You are looking at 1 - 5 of 5 items

  • Author or Editor: Chris Dent x
Clear All Modify Search
You do not have access to this content

Chris Dent

Regulation is the broad term for attempts to control or delimit the behaviour of individuals. When it comes to regulating the work of visual artists, there are a number of legal regimes that impact on what a visual artist may create – including copyright law and contractual obligations. These regimes can be understood in terms of normative practices. Other normative practices also bind the behaviour of visual artists, some of which stem from their discipline, others are simply societal. In order to consider the role of these systems, a multi-dimensional approach will be used. First, there is Julia Black’s theory of ‘decentred regulation’, infused with the work of Michel Foucault, and secondly, there is the notion of ‘motivators’ as adapted from behavioural economics. Taken together, these complementary frameworks facilitate a more complete understanding of the intersection of the work of artists and the law.

This content is available to you

Chris Dent

The law of trade marks is, now, reliant on the notion of ‘confusion’ between marks for the purposes of denying registration and of assessing infringement. Yet, this area of law is founded on the notion of deception – in the nineteenth century, a plaintiff had to show that the infringing mark would deceive consumers. This article takes a broad, socio-legal, approach to explore the factors that contributed to the introduction of ‘confusion’ into the legal discourse. These include the creation of the registration system itself; developments in the case law around the notion of ‘deception’, the breakdown of the rigidities in the law and the changes in how the system ‘saw’ the individual. This latter development involved the rise of utilitarianism, the acceptance of the ‘internal life’ of individuals and their possession of (potentially wrong) knowledge.

You do not have access to this content

Chris Dent

The focus of much of the analysis of the intellectual property (IP) system is on the role of IP rights as incentives. This neo-classical economics approach does not acknowledge the range of circumstances and decisions that constitute the IP system. If the work of behavioural economists is considered instead, then a more nuanced understanding is available. The research here adopts the concept of ‘motivators’ from the latter body of thought and applies it to decisions made around patents, copyright, trade marks and, in order to more fully explore the issues, know-how. Further, three sets of decisions will be considered – those before the innovation is created, those relating to the distribution of the creation and those relating to their unauthorized use. The analysis of the decisions will engage with the issues of risk, negotiation and the role of legal advice in some of the decisions; thereby rounding out the analysis of decisions in terms of the internal assessments of the parties themselves.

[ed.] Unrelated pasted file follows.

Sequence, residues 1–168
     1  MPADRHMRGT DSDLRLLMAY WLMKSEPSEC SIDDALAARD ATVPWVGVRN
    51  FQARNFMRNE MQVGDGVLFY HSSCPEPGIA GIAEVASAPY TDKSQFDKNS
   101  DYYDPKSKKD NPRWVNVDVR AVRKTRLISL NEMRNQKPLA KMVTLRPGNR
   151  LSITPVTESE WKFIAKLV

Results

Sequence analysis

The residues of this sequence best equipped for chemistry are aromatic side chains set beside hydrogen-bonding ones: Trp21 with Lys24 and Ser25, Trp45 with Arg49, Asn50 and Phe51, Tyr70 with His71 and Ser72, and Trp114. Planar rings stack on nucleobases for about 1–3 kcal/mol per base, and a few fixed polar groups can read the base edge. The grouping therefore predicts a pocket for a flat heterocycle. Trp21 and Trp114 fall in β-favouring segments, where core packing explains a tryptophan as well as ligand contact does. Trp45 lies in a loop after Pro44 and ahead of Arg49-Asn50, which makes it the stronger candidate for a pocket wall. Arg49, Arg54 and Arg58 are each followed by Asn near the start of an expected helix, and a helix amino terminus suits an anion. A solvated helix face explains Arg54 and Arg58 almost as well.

You do not have access to this content

Chris Dent

Inventions have been protected, in England, by patents since the sixteenth century. The patent system has undergone significant change since that time – in the nineteenth century, major legislative reforms were undertaken in the shadow of an abolitionist movement; and in the twentieth century, the system began to accommodate radical technological developments. This research applies insights from evolutionary theory, allowing a focus on the range of parties involved in the system and an acknowledgement of how these parties have changed as the system and society have developed.

You do not have access to this content

Chris Dent

Interactive entertainment poses particular regulatory challenges. More specifically, the democratization of technology and creativity has meant that there is no capacity for a governmental agency to effectively regulate the spread, and enjoyment, of allegedly problematic expressions. This article will explore this by contrasting the regulation of non-interactive entertainment (including Dada art and punk music) with more recent forms of (at times) transgressive expression (amateur pornography, video games and fake news). The analysis will be carried out in terms of the different motivations of the range of parties involved in the process (including creators, distributors, consumers and the broader public) and of the different conceptions of the consumer that are implicit in different modes of regulation. The complexity of the interactions means that there is no single regulatory solution; the historical exploration of the issue, nonetheless, suggests that interactivity may be no worse for society than the earlier forms of expression that were, at the time, deemed to be a threat to its moral fabric.